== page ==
By Jay Buchsbaum
The year 5775 is almost here. And so is a bevy of new wines from wineries in Israel. New wines from Italy, France, New Zealand, and California have arrived as well.
As people’s tastes in wine vary, so have the new arrivals. This new year brings a new array of wines, giving the wine lover an opportunity to taste heretofore undiscovered greats and the latest version of their favorites. But the new wines are among the most exciting for any wine lover.
First, a little about each region offering new wines for the New Year.
California wines have always been known for their fruit-forward, big, rich flavors. California gets this reputation because of its unique terroir. Terroir means all the aspects that go into how the grape comes out, including soil, sunshine, humidity, etc. California terroir lends itself to grapes at harvest that are generally higher in sugar and richer in flavor. Perhaps it’s not as complex and layered as other wine-growing regions, but the full, rich fruit comes through in the final wine.
France is the oldest growing region for fine table wines for nearly five plus centuries. It’s said that Rashi grew grapes in Bordeaux for wine. And vineyards that existed even 500 years ago are still producing wines today. This allowed France, over the years, to discover the best places to grow the best grapes. Today, Cabernet Merlot and Cab Franc (amongst others) are grown in and around the Bordeaux area. Burgundy and Southern France grow primarily Pinot Noir and Chardonnay, and the Rhone Valley grows varieties such as Mouvedre, Grenache, and other grapes appropriate to its region.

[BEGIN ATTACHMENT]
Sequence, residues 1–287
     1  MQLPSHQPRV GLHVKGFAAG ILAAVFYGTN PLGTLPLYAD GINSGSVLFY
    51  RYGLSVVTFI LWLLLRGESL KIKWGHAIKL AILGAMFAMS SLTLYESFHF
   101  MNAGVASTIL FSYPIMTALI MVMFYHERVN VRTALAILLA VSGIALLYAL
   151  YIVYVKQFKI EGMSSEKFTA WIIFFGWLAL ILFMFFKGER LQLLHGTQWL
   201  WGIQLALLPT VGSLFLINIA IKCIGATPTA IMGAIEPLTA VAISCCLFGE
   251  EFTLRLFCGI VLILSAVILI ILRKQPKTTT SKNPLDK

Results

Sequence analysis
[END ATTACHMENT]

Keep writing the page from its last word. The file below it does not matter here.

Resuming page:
Did you know that the Middle East, especially Israel, is where grape-growing for wine originated? Israel, because of its generally warmer climate, produces grapes that are riper at harvest. But with its varied terroir—cooler weather and volcanic soil in the north and generally warmer weather and terra rosa, clay and loam soil, in the central and south part of the country—Israel can and does make a wide variety of flavors and tastes in wine. Couple this varied Israeli terroir with the most up-to-date winemaking techniques in the world, and you have some of the finest wine coming from Israel.
Italy’s tradition of winemaking dates back centuries as well, and the influence of bicoastal bodies of water to its east and west allows for the grapes harvested in Italy to produce some of the most delicious wines. The primary grape is Sangiovese in red and, today, Moscato and Pinot Grigio in white. When done right (see sidebar) these can produce wines with class distinction as well as lively and memorable flavors.
New Zealand is in the Southern Hemisphere. When we have winter, they have summer. While most of the world harvests in late summer and fall, they harvest in fall and winter when they experience their summer. This leads the grapes to produce flavors and resulting wines that are at once lively and crisp but filled with flavor and aroma.
Jay Buchsbaum is VP and the director of wine education for Royal Wine. He has traveled the world drinking in wine knowledge and the wines themselves and has lectured on wine from Congress to the heart of China. You can contact Jay at firstname.lastname@example.org.
By Jay Buchsbaum